If you have any friends on the East Coast, then you know that we had a huge storm that people are freaking out over.
It is so great to see this much snow. But I didn't get a chance to take a picture of the snow when it was all beautiful and stuff. And I don't have a warm and eloquent description of my family playing in the snow, or watching the snow fall. I can tell you that church was canceled, that's all that really matters right?
Instead, I took a quick pic of this snow drift as I was driving today.
This dirty snow brought back a flood of forgotten memories from my childhood and I want to hurry and write down before I forget them.
When I was in elementary school. If it had snowed during the day, the janitor/snow removal guy would get out the snowblower after school and take care of any snow that was on the school sidewalks. One snowy day I was starting to walk home from school with my brother David. The janitor started the snowblower and even though we both had to go to the bathroom really bad, we both turned around at the sound of the blower's motor and watched him work for a minute, sort of hypnotized by the sound of the blower and the spray of snow in the air. I was probably nine and David must have been eight and we watched as some sixth graders we knew started to play in the snow fountain that shot out of the snowblower. We continued to watch as the older kids happily played near the snowblower and giggled when snow hit their skin. Then something happened that I'll never forget. One sixth grader, Jessica Peck got too close to the snowblower. She slipped and fell and one of her legs slid under the snowblower. The sound of the motor came to a sickening halt as the girls leg got caught in the snowblower blade. Jessica let out one of the most haunting screams that to this day I have ever heard. David and I looked each other, too stunned and frightened to speak. And then we turned and started to run home as if we had done something to cause the accident. By the time we had run the mile or so home, we didn't need to go to the bathroom anymore. I don't remember ever telling my mom what had happened, or even talking to David about what we'd seen. I had totally forgotten about it until now, but it really was one of the most gruesome things I've ever witnessed.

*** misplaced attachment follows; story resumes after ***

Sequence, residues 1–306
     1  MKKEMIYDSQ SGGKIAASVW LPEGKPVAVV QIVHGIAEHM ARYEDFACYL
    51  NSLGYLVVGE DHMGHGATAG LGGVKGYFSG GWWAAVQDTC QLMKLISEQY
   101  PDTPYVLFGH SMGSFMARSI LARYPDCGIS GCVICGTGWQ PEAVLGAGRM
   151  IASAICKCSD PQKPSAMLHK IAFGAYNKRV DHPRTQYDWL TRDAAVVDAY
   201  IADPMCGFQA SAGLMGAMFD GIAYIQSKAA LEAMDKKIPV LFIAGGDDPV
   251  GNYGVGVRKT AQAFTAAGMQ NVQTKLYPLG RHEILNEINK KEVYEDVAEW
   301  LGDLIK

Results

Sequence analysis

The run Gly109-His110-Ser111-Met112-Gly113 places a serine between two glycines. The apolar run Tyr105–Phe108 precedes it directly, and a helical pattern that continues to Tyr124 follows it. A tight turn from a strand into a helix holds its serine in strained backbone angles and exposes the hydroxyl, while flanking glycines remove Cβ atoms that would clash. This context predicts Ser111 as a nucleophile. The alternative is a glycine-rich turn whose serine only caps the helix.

On a lighter note: did anyone else ride in a suburban growing up? If so, then your dad probably did the same thing as mine did and would ram into giant snow drifts and shout, "Who ya gonna call?" and the kids would yell in response, "Drift-busters!" We'd spend about a minute trying to get ourselves unstuck ourselves from the drift. And then we'd look for another one.
I guess that's all I've got.